Includes bibliographical references (p. 283-290) and index.

Synopsis:

When he's not at a notorious disaster, Doug Owsley is entering tombs and crypts, unwrapping mummies, or climbing into caves to unlock the secrets of bones.

In No Bone Unturned, investigative journalist Jeff Benedict not only unveils a compelling portrait of the man behind America's most notorious cases but also gives us a fascinating look inside the world of forensic science as seen through the eyes of a leading specialist.

Doug Owsley's extraordinary talent has put his phone number on speed dial for federal agencies, from the FBI to the CIA and the State Department. When the Branch Davidian compound in Waco caught fire, when a terrorist-flown plane crashed into the Pentagon, and when mass graves were uncovered in Croatia, the authorities called Owsley. Through cutting-edge science, instinctive artistry, and dogged tenacity, Owsley painstakingly rebuilds the skeleton, and helps identify it and determine the cause of death.

A curator for the Smithsonian's Museum of Natural History, Doug Owsley has handled over ten thousand human skeletons, more than anyone else in America. He has worked with America's historic skeletons, from, colonial Jamestown burials to Plains Indians to Civil War soldiers to skeletons tens of thousands of years old.

That includes the Kennewick Man, a 9,600-year-old human skeleton found in shallow water along the banks of Washington State's Columbia River. It was a skeleton that would turn Owsley's life upside down.

Days before Owsley was scheduled to begin studying the skeleton, the U.S. Army Corps of Engineers seized it and announced they would repatriate Kennewick Man, burying his bones on the land of the Native American tribes who claimed him. Along with seven of America's leading scientists, Owsley sued the U.S. government over custody. At stake was a wide body of knowledge about our past and our history that would be lost forever if the bones were reburied. For six years, Owsley fought a legal and political battle that put everything at risk, jeopardizing his career and his reputation.

About the Author

Jeff Benedict is the author of four books, including Without Reservations and Pros and Cons. He lives in Connecticut.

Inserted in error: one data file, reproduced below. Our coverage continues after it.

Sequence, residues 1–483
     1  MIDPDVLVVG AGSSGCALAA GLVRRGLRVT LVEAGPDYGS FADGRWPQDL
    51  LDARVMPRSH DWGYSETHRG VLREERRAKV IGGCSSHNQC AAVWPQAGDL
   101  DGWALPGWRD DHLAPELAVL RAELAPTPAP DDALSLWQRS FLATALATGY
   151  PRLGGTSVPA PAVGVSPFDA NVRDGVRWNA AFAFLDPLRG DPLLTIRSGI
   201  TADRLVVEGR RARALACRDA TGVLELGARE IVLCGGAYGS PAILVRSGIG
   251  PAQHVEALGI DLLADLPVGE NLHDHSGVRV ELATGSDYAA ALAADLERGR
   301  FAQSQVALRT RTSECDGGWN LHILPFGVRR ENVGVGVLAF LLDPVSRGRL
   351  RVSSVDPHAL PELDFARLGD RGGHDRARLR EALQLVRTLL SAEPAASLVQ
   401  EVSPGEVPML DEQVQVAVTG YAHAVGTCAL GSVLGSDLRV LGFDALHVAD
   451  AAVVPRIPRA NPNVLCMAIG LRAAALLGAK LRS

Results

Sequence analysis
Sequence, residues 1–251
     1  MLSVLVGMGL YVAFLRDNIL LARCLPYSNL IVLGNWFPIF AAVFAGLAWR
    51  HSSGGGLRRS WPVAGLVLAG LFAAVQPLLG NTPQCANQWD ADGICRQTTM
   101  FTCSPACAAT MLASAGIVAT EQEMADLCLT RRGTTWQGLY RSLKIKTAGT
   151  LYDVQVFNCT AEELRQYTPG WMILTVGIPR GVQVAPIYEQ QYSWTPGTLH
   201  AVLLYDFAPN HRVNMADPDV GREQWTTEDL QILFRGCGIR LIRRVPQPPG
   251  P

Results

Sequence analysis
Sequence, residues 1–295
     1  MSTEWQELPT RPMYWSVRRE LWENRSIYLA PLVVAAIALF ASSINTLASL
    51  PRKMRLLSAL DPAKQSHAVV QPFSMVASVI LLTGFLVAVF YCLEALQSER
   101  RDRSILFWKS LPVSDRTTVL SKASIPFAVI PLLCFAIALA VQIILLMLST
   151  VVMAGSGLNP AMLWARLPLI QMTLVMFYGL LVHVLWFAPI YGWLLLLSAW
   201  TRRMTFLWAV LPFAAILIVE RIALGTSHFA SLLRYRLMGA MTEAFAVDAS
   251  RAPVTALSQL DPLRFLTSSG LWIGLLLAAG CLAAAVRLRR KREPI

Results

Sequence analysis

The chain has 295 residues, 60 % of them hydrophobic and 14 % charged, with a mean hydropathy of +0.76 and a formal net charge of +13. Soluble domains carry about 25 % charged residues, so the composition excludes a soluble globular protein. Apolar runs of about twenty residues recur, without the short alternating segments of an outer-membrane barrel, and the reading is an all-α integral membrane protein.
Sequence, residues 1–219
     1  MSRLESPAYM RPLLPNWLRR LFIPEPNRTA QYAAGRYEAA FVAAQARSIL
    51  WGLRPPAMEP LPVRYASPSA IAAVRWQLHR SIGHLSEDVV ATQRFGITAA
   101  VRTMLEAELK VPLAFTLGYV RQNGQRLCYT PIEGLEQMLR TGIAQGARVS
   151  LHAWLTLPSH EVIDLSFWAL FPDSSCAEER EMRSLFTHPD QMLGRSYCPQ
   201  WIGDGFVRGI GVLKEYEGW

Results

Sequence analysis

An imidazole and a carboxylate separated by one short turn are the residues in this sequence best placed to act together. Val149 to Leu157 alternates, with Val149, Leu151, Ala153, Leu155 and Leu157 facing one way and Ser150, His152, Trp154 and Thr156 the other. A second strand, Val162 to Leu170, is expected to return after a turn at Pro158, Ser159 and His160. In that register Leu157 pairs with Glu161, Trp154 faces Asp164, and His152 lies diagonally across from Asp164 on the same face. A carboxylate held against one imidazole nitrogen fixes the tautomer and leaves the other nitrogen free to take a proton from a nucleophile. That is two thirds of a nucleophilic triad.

Table of Contents

Author's Note ix
Prologue 1
1 High-Stakes Playground 17
2 Opening Coffins 27
3 Bone Fragments 31
4 Going to Guatemala 35
5 Outsmarting the Devil 41
6 Into the Crypt 53
7 Building People 61
8 Remains of the Day 71
9 The Probe 75
10 Evil is Real 81
11 Unwrapping a Mummy 83
12 Somebody Else is Here 91
13 Humans Remain 95
14 Airfare for a Skeleton 103
15 Destination Unknown 109
16 Rush to Repatriate 115
17 We Know How Time Began 121
18 The Client 129
19 Senior Girl 135
20 Eight Men Out 145
21 About-Face 149
22 Where did You Get These Africans? 155
23 Turning the Lights on 159
24 Stand and Fight 169
25 Intent 175
26 Science Evolves 181
27 Virtual Reality 189
28 The Cover-up 197
29 Lie Detector 201
30 Skin Thickness 205
31 Objection 211
32 One Look 217
33 Going Deep 227
34 Spin Cycle 231
35 Show Time 239
36 White House Involvement 255
37 What You See Here Stays Here 263
38 In Demand 269
39 The Decision 275
Source Notes 283
Acknowledgments 291
Index 295

Product Details

ISBN:
9780060199234
Subtitle:
The Adventures of a Top Smithsonian Forensic Scientist and the Legal Battle for America's Oldest Skeletons
Author:
Benedict, Jeff
Publisher:
Harper
Location:
New York
Subject:
General
Subject:
Indians of north america
Subject:
Forensic Science
Subject:
Anthropology - Physical
Subject:
Antiquities
Subject:
Indians
Subject:
Cultural property
Subject:
Washington
Subject:
Forensic osteology.
Subject:
Human remains
Subject:
Kennewick Man
Subject:
United States - State & Local - General
Subject:
Anthropology - General
Subject:
General Current Events
Copyright:
Edition Number:
1st ed.
Edition Description:
Hardcover
Series Volume:
no. 56
Publication Date:
March 25, 2003
Binding:
Hardback
Language:
English
Illustrations:
Yes
Pages:
320
Dimensions:
9 x 6 x 1.05 in 20.64 oz

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Related Subjects